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FDA Approves Nasal Metoclopramide

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GIMOTI (intranasal metoclopramide) is the first novel drug treatment for diabetic gastroparesis to hit the market in decades.  Want the details?  Read on to learn about about the drug.

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What is Metoclopramide and how does it help diabetic gastroparesis?

FDA Approves Nasal Metoclopramide

The Food and Drug Administration (FDA) recently announced the approval of a nasal spray that relieves the symptoms of diabetic gastroparesis. The metoclopramide spray, GIMOTI, is the first new drug treatment for gastroparesis in decades. This non-oral treatment provides another option for people whose symptoms haven't been relieved with traditional oral medications. GIMOTI requires a prescription and is generally used for 2 to 8 weeks.

What is Diabetic Gastroparesis?

An estimated 50% of diabetics experience some degree of gastroparesis in their lifetime. The disorder causes delayed gastric emptying of food from the stomach into the small intestines. The symptoms can develop slowly, but eventually, they can impact your daily activities and quality of life.


Diabetic gastroparesis usually develops when a person’s blood sugar is poorly controlled over a long period of time. A complication of high blood sugar is nerve damage, which can occur anywhere in the body. The vagus nerve controls the muscles in your stomach wall and is the main culprit in diabetic gastroparesis. When the vagus nerve is damaged, the stomach walls do not contract properly and food doesn't move into the small intestines.


The symptoms of gastroparesis are caused by food remaining in the stomach because of slowed digestion. Common symptoms include:

  • Heartburn or reflux
  • Feeling full, even with small amounts of food
  • Constipation alternating with diarrhea
  • Feeling bloated
  • Nausea
  • Vomiting undigested food
  • Unintended weight loss
  • Lack of appetite
  • Stomach cramps or spasms
  • High or low blood sugars

Oral Treatments

Oral medications, such as metoclopramide, are used to treat symptoms of gastroparesis. These medications help your stomach muscle move food and liquids to your intestines faster. They may also aid in better digestion of food. However, because of slowed gastric emptying and vomiting with gastroparesis, the absorption of oral medications is not always reliable.

Better Predictability

In an Evoke Pharma press release, Dr. Henry Parker, Director at Temple University School of Medicine’s Gastroenterology Motility Laboratory, stated, “These patients often have erratic absorption of orally administered drugs due to delayed gastric emptying”. Dr. Parker further explains that the GI tract is bypassed since GIMOTI is administered nasally, stating this allows “the drug to enter the bloodstream directly and therefore may provide predictable delivery of the therapy”.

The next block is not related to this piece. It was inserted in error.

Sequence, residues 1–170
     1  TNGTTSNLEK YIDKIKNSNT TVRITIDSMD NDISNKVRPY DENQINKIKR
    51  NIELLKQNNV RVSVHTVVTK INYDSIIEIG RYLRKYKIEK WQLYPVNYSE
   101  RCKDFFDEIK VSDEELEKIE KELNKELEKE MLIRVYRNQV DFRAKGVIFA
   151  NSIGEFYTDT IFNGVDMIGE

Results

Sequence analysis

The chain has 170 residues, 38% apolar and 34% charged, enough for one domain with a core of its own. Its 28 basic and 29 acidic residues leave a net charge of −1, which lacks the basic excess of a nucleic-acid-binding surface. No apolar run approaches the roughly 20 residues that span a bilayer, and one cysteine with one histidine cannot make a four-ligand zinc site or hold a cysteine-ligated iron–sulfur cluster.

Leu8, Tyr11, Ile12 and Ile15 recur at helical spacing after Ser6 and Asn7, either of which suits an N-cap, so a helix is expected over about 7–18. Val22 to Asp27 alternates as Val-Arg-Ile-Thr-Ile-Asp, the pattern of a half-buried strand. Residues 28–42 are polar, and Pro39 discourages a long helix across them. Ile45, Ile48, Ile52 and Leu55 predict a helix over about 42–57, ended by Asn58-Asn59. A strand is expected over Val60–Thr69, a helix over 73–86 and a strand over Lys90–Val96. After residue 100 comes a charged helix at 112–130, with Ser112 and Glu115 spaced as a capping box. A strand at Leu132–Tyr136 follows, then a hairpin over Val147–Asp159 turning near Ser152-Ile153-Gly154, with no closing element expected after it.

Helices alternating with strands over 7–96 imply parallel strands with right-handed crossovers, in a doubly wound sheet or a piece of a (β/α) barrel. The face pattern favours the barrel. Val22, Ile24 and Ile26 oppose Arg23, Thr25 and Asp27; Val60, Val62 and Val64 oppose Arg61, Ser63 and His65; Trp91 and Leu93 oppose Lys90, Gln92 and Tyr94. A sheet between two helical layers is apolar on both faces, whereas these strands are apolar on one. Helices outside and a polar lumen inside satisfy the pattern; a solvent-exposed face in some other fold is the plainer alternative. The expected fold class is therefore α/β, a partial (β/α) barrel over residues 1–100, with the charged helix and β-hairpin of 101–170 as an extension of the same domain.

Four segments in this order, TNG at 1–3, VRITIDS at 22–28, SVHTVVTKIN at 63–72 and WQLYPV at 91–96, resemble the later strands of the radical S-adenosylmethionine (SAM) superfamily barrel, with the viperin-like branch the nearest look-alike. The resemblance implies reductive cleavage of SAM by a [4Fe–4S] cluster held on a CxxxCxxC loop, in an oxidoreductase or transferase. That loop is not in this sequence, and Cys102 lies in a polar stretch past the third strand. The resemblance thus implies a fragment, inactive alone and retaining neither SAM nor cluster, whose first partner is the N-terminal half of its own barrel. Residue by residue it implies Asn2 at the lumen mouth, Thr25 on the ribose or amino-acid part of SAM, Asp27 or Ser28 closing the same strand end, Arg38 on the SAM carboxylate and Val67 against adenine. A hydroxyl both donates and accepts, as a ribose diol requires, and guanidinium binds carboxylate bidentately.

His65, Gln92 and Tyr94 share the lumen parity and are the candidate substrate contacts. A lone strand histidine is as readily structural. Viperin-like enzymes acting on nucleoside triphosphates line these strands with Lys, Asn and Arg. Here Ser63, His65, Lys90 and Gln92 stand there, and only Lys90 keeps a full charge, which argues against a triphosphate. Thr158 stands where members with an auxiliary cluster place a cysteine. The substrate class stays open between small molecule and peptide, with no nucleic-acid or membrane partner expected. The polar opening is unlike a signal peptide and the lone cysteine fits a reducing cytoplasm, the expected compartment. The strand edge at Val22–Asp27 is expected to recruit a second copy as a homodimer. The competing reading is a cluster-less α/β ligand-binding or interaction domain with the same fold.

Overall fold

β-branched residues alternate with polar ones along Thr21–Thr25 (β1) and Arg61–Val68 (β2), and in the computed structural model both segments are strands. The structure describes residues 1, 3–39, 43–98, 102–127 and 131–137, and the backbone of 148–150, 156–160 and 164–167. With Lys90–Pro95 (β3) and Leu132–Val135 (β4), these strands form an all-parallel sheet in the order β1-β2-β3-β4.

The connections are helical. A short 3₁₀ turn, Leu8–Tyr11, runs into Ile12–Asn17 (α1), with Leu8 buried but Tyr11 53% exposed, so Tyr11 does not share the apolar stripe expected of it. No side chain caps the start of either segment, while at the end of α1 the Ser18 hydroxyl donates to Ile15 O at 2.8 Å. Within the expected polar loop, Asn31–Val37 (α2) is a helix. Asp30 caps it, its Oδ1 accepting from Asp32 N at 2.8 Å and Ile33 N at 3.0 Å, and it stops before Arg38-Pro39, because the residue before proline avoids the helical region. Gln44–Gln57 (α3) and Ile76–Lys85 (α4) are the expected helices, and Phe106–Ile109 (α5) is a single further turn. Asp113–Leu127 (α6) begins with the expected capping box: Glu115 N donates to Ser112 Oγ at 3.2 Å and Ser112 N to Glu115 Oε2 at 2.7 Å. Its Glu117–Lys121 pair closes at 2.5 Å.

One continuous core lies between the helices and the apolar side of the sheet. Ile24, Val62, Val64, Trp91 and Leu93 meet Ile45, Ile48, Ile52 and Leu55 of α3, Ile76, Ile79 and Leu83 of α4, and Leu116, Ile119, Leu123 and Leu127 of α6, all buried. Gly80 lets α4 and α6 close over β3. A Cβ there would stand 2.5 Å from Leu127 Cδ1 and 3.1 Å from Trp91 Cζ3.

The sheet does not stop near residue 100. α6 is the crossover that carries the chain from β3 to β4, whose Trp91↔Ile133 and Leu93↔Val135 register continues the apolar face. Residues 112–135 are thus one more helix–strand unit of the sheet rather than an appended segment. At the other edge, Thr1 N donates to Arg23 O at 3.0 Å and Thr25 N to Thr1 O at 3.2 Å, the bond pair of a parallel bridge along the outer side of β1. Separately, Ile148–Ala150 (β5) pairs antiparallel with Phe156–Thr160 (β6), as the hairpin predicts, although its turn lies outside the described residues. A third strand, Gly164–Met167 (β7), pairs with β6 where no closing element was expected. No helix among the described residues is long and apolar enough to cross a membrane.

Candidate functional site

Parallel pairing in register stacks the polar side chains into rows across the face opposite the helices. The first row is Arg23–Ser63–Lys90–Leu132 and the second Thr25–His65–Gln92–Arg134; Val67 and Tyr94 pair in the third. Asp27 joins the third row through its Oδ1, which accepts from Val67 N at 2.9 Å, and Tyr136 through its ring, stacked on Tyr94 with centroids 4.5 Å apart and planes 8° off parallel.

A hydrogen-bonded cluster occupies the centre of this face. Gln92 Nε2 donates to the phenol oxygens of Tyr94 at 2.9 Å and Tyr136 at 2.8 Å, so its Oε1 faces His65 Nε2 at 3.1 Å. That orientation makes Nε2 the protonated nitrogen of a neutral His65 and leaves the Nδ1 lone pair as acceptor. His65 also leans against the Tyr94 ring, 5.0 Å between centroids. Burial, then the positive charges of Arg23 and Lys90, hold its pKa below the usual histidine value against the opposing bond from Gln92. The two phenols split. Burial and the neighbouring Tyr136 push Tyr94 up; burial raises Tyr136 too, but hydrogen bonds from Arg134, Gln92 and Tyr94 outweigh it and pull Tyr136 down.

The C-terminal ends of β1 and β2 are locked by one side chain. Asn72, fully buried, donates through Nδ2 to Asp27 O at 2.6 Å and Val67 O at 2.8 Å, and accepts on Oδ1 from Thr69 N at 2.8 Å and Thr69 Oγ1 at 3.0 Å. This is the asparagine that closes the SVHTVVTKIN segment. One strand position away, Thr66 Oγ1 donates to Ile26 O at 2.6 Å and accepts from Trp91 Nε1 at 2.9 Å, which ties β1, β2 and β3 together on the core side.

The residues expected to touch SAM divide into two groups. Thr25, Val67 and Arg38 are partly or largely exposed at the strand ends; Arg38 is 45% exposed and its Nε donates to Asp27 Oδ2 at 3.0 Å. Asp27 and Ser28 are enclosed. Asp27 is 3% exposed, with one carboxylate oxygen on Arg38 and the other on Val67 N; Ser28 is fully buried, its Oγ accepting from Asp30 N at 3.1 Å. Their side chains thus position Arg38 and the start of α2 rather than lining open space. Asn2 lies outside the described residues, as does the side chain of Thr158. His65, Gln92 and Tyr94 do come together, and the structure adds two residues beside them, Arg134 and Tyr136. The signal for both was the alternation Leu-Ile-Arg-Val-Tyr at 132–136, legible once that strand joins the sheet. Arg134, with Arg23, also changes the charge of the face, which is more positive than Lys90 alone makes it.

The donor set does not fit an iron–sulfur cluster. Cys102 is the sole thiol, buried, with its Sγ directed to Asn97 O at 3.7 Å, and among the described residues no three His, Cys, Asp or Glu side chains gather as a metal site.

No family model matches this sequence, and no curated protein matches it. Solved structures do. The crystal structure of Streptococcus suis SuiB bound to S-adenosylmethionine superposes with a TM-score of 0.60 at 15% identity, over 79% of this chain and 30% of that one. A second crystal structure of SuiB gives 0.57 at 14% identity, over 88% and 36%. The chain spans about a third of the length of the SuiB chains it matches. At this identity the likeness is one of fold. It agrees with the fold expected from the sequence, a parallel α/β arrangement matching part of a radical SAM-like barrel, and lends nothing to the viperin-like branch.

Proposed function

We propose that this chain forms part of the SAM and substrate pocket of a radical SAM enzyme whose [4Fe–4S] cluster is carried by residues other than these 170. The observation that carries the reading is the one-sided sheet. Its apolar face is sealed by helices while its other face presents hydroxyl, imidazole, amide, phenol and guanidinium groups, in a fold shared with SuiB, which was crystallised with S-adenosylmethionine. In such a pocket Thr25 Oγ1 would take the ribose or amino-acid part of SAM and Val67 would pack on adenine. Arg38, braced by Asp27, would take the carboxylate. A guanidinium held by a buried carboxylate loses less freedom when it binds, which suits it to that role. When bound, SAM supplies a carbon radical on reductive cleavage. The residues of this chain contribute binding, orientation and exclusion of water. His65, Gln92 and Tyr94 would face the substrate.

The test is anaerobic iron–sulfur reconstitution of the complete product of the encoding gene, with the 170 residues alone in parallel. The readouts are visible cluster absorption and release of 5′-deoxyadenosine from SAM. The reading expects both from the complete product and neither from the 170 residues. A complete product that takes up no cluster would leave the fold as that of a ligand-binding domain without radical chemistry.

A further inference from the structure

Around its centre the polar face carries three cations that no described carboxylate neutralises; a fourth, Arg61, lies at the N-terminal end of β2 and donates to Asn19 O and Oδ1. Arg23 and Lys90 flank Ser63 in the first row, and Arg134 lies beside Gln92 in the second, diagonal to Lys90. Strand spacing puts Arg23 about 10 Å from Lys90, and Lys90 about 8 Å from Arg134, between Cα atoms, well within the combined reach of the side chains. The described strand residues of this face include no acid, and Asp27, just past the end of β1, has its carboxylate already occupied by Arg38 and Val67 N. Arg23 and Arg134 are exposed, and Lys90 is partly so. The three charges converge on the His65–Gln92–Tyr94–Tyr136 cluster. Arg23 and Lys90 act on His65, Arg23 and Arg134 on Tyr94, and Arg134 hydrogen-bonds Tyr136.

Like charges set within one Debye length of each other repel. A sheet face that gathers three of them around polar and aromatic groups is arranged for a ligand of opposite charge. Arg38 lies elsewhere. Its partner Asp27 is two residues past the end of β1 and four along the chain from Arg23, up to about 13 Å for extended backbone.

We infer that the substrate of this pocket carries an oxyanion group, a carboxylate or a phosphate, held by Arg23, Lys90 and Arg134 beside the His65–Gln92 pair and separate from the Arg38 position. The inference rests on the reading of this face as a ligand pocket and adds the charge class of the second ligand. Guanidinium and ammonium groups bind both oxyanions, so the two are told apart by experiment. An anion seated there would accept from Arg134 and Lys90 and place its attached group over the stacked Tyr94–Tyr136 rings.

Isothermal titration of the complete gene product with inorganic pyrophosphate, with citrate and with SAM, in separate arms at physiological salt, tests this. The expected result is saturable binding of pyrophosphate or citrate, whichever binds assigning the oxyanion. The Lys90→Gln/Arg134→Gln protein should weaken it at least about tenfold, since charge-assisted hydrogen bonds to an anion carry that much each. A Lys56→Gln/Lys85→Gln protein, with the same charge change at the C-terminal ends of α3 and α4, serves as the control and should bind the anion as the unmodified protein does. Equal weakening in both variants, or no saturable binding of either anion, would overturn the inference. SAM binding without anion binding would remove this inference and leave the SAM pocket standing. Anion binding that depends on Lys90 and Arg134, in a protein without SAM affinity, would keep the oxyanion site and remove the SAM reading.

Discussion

Potential Side Effects

The side effects of GIMOTI are similar to oral metoclopramide. The most common side effects (<5%) include:

  • Altered sense of taste
  • Headache
  • Fatigue

Tardive dyskinesia (TD) is a serious adverse reaction and the risk of TD increases with the length of treatment and cumulative dosage. TD is serious and is a movement disorder that can be permanent. However, the symptoms of TD may lessen or even go away once metoclopramide is stopped. Symptoms of TD include uncontrolled movements, such as

  • Lip-smacking, chewing or pursed lips
  • Frowned face
  • Sticking tongue out
  • Blinking and eye movements
  • Shaking of arms and legs

Find full prescribing information including a complete list of side effects.

Limitations of Use

GIMOTI is not recommended for use in:

  • Pediatrics patients due to risk of TD and extrapyramidal symptoms
  • Moderate or severe hepatic impairment
  • Patients using strong CYP2D6 inhibitors

GIMOTI is contraindicated in patients with the following:

  • History of tardive dyskinesia
  • GI motility might be dangerous (e.g. GI hemorrhage, mechanical obstruction, perforation)
  • History of dystonic reaction to metoclopramide
  • Pheochromocytoma or catecholamine-releasing paragangliomas
  • Diagnosis of epilepsy
  • Hypersensitivity to metoclopramide


GIMOTI is available in a 9.8 ml bottle with 1 spray proving 15 mg of metoclopramide. Common adult dosing is one spray in 1 nostril before each meal and at bedtime.

Are you experiencing diabetic gastroparesis? If so, what pros and cons do you see in nasal administration of metoclopramide?



I have been a nurse for over 25 years in many different roles, from bedside nursing to leadership.  I am glad to be a part of this online community during the days ahead.

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